Soon after obtaining my instrument rating, my instructor Beth and I started training for my commercial pilot certificate check ride. Hours of study on regulations, weather, commercial operations, and aircraft systems resulted in my passing of the Commercial Pilot written exam. Speaking of regulations, it may be helpful to understand what FAA privileges and limitations exist for a commercial pilot.
According to Federal Aviation Regulation Part 61.133, a person who holds a commercial pilot certificate may act as pilot in command of an aircraft carrying persons or property for compensation or hire, provided the person is qualified in accordance with this part and with the applicable parts of this chapter that apply to the operation. You might think the before-mentioned legal lingo allows the bearer of a commercial pilot certificate to just put himself or herself out for hire, and fly anything and anyone, anywhere. However, there are other parts of the regulations that stipulate additional requirements for air carrier operators so, the commercial pilot certificate alone has its limitations. The holder of the certificate is allowed to conduct (within aircraft and additional certification requirements) the following operations: flight instruction, nonstop sightseeing flights, ferry or training flights, crop dusting, seeding, spraying, and bird chasing, banner towing, aerial photography or survey, fire fighting and power line or pipeline patrol, to name a few.
All that being said, before I could ferry aircraft, crop dust, banner tow, or fire fight (none of which I planned on doing), I had to complete a lot of training, and I had to meet the minimum hour requirements:
- 250 hours total flight time
- 50 hours of cross country
- 3 10 hours instrument training (already completed)
- 10 hours of training in a retractable landing gear, flaps, and a controllable pitch propeller or is turbine-powered
- One 2-hour cross country flight in a single engine in daytime conditions that consists of a total straight-line distance of more than 100 nautical miles from the original point of departure;
- One 2-hour cross country flight in a single engine airplane in nighttime conditions that consists of a total straight-line distance of more than 100 nautical miles from the original point of departure
- Ten hours of solo flight time in a single engine airplane: One cross-country flight of not less than 300 nautical miles total distance, with landings at a minimum of three points, one of which is a straight-line distance of at least 250 nautical miles, and 5 hours in night VFR conditions with 10 takeoffs and 10 landings (with each landing involving a flight in the traffic pattern) at an airport with an operating control tower.
You may think that this training plan was intense and for the most part it was fairly challenging, but the areas of training where I spent quite a bit of time, included learning to fly a complex airplane, and learning how to demonstrate properly the commercial pilot flight maneuvers. First, we began my complex aircraft training in a T-tail PA28-200 Piper Arrow. This aircraft had a 200 horsepower engine, significantly more “growl under the cowl” than the 100 hp Cessna 152’s and 165 hp Cessna 172’s I had been flying. Also, the Arrow had a variable pitch/constant speed prop and retractable gear both of which, brought two new operational systems into each phase of flight.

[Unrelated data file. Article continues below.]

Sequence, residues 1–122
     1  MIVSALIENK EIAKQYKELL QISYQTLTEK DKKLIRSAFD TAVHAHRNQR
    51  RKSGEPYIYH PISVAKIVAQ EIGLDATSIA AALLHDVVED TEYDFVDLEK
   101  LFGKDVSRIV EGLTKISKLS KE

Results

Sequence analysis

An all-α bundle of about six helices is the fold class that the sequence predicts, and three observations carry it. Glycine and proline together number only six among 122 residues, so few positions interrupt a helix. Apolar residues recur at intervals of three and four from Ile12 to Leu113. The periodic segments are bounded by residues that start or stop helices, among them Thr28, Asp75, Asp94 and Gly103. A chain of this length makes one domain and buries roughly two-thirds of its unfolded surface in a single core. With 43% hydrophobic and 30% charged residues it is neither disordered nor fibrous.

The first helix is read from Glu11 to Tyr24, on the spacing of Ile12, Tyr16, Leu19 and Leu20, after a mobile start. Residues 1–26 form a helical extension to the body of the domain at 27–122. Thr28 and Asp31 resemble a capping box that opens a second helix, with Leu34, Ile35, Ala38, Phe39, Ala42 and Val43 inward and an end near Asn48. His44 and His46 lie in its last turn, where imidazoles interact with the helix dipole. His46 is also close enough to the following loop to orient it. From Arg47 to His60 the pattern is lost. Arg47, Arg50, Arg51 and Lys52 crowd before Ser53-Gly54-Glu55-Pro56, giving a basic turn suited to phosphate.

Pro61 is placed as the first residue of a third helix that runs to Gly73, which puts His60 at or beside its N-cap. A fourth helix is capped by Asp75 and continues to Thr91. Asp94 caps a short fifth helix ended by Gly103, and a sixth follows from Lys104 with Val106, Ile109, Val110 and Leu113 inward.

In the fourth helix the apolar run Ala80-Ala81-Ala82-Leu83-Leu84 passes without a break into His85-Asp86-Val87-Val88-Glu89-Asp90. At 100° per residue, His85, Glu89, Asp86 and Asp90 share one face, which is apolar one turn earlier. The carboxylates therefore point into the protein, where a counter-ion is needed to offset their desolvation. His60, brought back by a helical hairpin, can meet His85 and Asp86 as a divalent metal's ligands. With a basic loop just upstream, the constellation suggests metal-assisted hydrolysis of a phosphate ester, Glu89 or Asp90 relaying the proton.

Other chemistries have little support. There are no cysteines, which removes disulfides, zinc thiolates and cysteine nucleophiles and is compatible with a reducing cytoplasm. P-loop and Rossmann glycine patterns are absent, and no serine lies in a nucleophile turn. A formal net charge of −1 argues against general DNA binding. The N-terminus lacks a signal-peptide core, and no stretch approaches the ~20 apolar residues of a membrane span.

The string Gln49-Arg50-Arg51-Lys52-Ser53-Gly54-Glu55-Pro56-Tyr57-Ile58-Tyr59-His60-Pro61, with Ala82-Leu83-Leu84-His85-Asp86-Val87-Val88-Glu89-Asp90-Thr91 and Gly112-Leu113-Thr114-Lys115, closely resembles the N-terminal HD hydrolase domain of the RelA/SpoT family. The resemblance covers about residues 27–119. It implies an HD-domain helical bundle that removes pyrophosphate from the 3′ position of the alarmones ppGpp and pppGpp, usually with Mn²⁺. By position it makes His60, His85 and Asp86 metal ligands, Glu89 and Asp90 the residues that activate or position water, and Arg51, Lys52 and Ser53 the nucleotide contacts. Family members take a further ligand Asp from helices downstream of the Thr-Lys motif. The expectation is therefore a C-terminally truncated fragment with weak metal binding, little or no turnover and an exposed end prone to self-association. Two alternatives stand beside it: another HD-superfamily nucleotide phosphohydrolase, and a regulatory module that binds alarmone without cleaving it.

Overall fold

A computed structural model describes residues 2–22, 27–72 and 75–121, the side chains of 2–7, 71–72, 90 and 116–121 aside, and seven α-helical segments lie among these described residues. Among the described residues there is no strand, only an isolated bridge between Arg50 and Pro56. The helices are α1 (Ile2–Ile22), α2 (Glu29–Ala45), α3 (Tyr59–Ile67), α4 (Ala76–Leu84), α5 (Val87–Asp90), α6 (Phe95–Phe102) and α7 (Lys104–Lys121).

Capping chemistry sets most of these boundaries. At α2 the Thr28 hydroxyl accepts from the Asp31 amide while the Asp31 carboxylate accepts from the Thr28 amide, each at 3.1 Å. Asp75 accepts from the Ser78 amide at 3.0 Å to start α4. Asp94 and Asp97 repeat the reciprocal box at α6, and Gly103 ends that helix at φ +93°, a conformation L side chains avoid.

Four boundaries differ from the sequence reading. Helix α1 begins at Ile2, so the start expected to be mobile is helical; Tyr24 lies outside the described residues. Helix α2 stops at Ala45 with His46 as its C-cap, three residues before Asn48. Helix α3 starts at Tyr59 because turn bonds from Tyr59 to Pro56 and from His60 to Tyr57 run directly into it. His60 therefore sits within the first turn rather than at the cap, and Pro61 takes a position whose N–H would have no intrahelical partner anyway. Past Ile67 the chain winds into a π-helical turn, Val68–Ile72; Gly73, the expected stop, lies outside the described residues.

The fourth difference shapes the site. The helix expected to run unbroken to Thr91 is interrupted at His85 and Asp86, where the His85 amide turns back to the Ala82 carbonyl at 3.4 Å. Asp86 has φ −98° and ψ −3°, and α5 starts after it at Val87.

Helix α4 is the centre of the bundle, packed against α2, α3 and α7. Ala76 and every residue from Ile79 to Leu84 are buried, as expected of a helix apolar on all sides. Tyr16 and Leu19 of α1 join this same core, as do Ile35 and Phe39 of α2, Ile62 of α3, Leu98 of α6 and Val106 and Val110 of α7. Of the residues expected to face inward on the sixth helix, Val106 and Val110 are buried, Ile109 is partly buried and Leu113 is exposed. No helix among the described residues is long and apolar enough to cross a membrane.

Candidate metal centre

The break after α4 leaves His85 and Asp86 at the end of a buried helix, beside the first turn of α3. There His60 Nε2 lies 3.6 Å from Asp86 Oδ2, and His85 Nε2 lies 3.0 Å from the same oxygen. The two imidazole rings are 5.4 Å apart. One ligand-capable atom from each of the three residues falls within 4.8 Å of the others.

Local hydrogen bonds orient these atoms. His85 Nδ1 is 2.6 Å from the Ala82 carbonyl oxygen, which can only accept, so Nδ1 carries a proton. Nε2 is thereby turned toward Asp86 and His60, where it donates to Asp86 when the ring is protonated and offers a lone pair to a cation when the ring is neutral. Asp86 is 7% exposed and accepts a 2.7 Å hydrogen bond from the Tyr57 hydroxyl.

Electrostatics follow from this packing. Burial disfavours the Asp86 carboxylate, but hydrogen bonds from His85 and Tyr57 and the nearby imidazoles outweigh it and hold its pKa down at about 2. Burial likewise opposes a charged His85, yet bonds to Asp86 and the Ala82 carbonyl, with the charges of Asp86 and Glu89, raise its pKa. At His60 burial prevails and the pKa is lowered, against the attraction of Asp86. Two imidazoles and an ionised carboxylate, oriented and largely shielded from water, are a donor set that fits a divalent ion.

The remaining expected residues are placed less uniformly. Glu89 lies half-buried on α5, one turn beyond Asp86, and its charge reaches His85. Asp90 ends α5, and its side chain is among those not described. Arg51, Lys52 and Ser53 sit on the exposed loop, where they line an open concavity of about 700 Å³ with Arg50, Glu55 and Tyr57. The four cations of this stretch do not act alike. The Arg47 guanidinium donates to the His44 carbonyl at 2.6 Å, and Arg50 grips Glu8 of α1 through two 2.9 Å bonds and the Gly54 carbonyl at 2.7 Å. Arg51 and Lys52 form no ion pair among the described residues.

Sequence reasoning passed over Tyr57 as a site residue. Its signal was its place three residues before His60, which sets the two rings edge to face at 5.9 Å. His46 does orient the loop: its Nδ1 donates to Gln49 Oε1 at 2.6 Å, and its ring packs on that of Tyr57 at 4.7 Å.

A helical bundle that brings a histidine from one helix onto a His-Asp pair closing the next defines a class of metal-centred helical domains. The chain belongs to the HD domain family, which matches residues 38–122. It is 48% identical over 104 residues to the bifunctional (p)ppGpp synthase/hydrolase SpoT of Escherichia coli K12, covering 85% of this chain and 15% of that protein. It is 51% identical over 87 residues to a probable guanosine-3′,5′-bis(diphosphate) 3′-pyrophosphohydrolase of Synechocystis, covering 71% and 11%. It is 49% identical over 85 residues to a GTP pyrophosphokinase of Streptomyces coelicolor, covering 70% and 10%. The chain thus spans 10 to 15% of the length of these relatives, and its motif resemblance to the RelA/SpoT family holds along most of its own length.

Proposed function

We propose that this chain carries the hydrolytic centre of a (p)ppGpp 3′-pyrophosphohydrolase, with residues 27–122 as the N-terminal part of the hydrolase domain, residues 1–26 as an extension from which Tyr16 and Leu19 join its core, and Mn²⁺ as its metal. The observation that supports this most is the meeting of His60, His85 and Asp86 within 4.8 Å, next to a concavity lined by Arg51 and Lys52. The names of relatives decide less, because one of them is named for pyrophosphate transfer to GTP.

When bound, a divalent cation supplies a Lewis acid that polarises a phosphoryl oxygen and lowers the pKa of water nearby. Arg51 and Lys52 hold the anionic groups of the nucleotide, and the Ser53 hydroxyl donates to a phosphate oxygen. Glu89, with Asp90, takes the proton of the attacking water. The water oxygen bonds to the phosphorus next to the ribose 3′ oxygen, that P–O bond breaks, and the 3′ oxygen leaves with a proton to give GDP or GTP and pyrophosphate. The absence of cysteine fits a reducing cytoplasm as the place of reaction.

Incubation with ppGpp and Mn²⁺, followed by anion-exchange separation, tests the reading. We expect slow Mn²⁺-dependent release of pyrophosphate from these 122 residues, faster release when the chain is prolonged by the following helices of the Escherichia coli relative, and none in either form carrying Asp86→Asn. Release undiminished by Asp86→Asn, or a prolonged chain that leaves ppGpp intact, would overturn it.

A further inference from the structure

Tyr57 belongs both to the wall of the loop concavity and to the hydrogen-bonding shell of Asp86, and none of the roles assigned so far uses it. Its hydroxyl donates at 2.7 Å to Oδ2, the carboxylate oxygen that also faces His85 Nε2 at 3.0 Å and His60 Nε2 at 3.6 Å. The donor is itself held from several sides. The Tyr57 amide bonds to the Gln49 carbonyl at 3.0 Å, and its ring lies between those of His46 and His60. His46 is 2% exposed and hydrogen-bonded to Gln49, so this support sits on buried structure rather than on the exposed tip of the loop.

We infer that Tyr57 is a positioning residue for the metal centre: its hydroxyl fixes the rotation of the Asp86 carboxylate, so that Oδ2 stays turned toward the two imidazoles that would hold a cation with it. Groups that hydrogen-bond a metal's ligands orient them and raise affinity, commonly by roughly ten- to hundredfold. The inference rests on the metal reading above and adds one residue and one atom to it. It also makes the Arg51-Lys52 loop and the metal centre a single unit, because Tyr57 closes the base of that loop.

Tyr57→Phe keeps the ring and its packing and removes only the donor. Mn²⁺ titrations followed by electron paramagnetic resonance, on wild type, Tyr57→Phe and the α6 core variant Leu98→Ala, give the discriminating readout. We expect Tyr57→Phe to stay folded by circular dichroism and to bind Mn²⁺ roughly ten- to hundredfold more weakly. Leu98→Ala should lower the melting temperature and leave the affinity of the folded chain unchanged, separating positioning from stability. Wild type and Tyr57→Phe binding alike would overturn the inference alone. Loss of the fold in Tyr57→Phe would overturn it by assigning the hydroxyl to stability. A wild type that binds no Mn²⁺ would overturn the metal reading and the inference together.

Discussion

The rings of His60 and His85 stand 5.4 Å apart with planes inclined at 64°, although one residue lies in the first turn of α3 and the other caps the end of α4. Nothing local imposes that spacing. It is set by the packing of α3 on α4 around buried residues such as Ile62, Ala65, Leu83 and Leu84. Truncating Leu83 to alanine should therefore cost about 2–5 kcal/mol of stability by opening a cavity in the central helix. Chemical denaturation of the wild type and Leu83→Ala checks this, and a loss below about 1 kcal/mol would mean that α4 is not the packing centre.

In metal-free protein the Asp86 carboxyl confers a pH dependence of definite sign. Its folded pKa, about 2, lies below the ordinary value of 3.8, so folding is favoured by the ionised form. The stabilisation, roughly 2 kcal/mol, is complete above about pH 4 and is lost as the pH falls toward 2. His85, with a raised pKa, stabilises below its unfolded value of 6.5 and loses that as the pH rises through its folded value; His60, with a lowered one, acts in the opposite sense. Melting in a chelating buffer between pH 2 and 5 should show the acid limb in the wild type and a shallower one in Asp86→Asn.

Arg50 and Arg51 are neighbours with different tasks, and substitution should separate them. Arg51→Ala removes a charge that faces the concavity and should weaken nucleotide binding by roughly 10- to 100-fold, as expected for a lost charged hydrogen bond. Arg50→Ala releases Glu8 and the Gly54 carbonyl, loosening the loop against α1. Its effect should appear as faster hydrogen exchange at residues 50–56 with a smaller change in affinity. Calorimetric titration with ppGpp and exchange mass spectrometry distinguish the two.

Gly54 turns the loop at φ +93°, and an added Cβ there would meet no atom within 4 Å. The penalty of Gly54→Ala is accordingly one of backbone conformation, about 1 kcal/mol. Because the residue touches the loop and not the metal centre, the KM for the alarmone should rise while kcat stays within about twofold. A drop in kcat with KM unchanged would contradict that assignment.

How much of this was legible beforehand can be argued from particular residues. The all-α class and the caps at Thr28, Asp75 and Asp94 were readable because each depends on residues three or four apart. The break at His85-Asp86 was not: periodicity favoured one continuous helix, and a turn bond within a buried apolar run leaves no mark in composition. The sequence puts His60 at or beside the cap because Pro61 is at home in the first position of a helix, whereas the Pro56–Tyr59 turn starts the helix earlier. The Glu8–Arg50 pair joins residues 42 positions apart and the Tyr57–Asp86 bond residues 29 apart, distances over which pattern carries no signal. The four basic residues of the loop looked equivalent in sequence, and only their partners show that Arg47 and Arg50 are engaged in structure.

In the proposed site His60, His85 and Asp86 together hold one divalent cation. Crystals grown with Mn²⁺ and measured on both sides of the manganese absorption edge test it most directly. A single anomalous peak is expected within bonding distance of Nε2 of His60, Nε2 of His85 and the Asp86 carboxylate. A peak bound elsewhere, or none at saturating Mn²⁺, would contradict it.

First, the variable pitch/constant speed prop is just that; variable and constant.Constant speed propellers work operationally, by varying the pitch of the propeller blades. As the blade angle is increased, it produces more lift (thrust). At the same time, more torque is required to spin the prop, and the engine slows down. The opposite is true when the blade angle is decreased: the torque required is decreased, and the engine speeds up. At higher altitudes when the air becomes less dense, the pilot can improve the efficiency of the aircraft engine, by increasing the pitch of the prop, and maintain the RPM of the engine, in order to “take a bigger bite” out of the air. That way when the air is thin, increasing its pitch can increase the propeller’s efficiency. It may sound complex (no pun intended), but it allows the airplane to be more fuel efficient at different flight phases.
The Arrow also had retractable landing gear. You can imagine that in the takeoff and landing phases of flight, there are a whole new series of checks and procedures related to retracting the gear (takeoff and cruise), and lowering the gear (hopefully before attempting a landing). Even so, as a commercial pilot candidate, I had to learn the intricate details of both of these systems, how they operate, how to troubleshoot in the event of a failure, and what to do if a gear failure occurred. Landings were the critical phase of retractable gear operations and in this training I learned a new aviation acronym: “GUMP’s. On final approach, once lined up on the centerline of the runway, my instructor taught me to call out and verify GUMP’s (GAS – fuel pump on, UNDERCARRIAGE – gear down and three green lights, MIXTURE- mixture control rich, PROP – constant speed prop forward, SEATBELTS/SWITCHES). It was a constant reminder to make sure we landed with gear down, and that the prop was set in case we had to execute a “go around.” In time, I was able to master (or at least feel comfortable) flying the Arrow, and I came to love flying this airplane nearly as much as I now love flying Cessna 172’s and 182’s.
In my next blog post, I will share with you the flight lessons that taught me to execute the commercial pilot flight maneuvers: Lazy 8’s, Chandelles, “180 degree spirals,” and “Eights on Pylons.” It took some time, but I was able to learn these performance maneuvers well enough to take and pass my FAA check ride. More later.